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Adding options and making a difference Adding options and making a difference

Short articles
Authors: Jo Earp
Adding options and making a difference

After Teacher published an article about the results of a study suggesting standing desks lead to increased student engagement, one of our readers got in touch to share a strategy that's made a difference in her primary classroom.

Claire Rich is a Year 5 and 6 class teacher at Darcy Road Public School, in the Sydney suburb of Wentworthville. Depending on the learning activity, all of her students have the option of using a traditional desk, doing their work standing up, or sitting on the carpet with a clipboard.

‘It started off last year when I had a Year 4 class and I had a couple of kids that were a bit fidgety … as you do every year. I thought as long as they’re working [and getting their work done to a high quality] what difference does it make where they sit?,' she recalls.

'I’d read a bit about it online in various things ... from people who’d said "it’s okay – you don’t have to sit at a desk, that’s fine" and, I thought I’d try it.

'So, I started to give the students the [three options] and found that they got so much more work done if I didn’t force them to sit in a seat - it worked really well. Each year now my kids know that they can stand.'

Rather than purchasing standing desks, the educator found a simpler solution by making space available at elbow height. 'They know they can stand next to one of the bookcases if they want, they can sit on the floor (and there are clipboards available for them), and they can sit in their own seat.'

Rich, who has been teaching for 17 years, says students still have assigned seats and there are times when standing or working on the floor is not an option as it doesn't suit the learning activity but, in her experience, giving students the choice when possible has led to increased levels of engagement.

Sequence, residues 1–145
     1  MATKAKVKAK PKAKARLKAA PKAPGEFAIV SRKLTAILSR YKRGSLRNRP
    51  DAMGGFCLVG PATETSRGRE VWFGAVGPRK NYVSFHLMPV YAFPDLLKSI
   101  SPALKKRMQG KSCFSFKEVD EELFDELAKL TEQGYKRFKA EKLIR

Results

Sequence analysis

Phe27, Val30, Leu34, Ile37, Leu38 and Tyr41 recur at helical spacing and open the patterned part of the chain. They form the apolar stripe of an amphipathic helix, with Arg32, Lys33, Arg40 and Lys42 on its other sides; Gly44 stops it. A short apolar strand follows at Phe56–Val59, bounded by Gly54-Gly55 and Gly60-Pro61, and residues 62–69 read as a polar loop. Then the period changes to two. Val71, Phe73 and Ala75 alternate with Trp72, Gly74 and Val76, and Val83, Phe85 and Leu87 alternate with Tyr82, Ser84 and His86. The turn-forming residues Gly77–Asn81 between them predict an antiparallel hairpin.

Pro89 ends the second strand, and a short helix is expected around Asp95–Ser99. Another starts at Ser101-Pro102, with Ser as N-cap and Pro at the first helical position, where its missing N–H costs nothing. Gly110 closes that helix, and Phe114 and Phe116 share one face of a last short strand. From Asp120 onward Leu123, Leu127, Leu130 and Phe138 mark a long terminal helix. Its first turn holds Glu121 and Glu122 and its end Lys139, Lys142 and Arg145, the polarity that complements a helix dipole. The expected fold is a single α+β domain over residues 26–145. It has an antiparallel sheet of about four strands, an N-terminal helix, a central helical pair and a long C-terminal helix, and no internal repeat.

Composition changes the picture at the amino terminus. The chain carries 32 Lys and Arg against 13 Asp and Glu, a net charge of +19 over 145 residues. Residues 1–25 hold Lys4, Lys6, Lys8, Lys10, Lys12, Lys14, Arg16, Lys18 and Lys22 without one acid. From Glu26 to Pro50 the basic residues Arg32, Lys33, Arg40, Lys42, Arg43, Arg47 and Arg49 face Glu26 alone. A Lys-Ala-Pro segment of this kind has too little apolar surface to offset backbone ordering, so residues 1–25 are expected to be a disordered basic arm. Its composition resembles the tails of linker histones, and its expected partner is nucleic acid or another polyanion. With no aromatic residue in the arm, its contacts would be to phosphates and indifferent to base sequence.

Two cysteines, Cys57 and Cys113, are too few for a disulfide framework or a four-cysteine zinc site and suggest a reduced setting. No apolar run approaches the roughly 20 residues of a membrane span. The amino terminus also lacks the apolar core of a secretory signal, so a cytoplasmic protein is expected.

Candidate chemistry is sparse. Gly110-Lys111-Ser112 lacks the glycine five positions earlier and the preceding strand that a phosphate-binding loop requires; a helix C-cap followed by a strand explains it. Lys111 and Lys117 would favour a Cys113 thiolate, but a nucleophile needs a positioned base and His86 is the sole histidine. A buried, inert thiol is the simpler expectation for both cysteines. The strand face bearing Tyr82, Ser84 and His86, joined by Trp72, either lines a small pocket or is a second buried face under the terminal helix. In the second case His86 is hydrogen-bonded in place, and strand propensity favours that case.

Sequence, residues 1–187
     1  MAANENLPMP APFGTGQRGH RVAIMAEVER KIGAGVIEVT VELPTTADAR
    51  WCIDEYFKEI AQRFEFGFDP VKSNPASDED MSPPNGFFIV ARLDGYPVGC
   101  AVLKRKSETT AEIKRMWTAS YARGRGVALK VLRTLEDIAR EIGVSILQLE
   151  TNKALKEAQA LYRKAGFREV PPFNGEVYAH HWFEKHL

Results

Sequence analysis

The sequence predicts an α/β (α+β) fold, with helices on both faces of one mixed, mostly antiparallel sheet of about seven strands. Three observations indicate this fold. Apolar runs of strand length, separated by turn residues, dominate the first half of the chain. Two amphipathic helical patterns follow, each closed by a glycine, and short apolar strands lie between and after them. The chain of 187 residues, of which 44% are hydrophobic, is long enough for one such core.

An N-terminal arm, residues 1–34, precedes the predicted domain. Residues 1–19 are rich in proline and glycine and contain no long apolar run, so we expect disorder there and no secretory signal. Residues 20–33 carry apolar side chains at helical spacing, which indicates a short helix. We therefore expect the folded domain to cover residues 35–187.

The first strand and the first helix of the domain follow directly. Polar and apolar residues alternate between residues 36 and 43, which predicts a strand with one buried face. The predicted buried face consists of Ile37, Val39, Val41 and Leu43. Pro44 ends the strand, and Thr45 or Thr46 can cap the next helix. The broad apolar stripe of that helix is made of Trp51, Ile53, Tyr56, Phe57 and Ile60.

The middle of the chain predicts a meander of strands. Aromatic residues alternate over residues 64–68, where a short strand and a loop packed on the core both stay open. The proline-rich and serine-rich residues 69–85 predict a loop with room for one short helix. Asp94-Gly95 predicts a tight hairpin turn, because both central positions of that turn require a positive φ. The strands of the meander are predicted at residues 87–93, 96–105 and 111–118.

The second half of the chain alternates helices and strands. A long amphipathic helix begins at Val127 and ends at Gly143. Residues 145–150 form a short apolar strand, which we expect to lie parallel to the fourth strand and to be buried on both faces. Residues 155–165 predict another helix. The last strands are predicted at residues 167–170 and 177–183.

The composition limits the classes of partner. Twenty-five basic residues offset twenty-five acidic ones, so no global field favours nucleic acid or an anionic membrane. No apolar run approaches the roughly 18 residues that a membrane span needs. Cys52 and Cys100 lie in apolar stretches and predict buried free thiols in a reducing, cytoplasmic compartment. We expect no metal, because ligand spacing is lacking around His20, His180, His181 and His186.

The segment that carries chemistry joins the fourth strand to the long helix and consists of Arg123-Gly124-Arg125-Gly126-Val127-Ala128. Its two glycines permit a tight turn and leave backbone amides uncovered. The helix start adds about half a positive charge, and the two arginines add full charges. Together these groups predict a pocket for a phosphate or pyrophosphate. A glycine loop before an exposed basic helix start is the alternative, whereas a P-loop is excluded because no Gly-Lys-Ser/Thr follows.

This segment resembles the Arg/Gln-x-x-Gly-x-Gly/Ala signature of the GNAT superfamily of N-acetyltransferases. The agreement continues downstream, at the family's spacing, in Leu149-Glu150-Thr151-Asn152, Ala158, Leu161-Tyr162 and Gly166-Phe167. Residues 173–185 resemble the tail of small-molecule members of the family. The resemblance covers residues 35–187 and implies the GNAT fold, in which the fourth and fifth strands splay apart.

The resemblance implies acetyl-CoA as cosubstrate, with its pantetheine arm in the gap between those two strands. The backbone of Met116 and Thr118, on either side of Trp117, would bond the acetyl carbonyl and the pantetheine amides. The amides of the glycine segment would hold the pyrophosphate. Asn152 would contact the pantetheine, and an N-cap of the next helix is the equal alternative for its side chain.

'My classroom is no bigger than anyone else’s room, it’s just the way it’s set up. We’ve got table hubs, but they’re to the side so there’s a big floor area in the middle. If we do need to do anything whiteboard-based [as a whole class] then they bring their chairs [so it’s] more sort of lecture theatre style, or they can sit on the floor [at the front]. Or they can still sit at their desks of course, and some do that. As long as they're on task...

'I don’t have a teacher’s desk in the room, not a formal one, I’ve just got a student desk with a computer on it – that was the first thing to go because it was just taking up so much space. Then I’ve tried to minimise the amount of furniture in the room just to facilitate what we’re doing, so I’ve got three bookshelf-type spaces, one’s a cupboard and the other two are tray holders. They’re grouped in three and that’s the standing space.'

She adds the flexible learning space also fits in well with the school's BYOD approach.

So, given the choice, which option do Rich's students prefer? 'It’s interesting, it started off where they were saying "we’re going to stand", but predominantly they now grab a clipboard and sit on the floor. That was really surprising.

‘They still use tables and chairs throughout the day, but I’ve still got a core group of students who … (and it’s predominantly boys) will find that too hard and even throughout the lesson will move between the both. I’ve got a small group that stand, but it’s getting less and less, which I find interesting because I thought that would be popular.'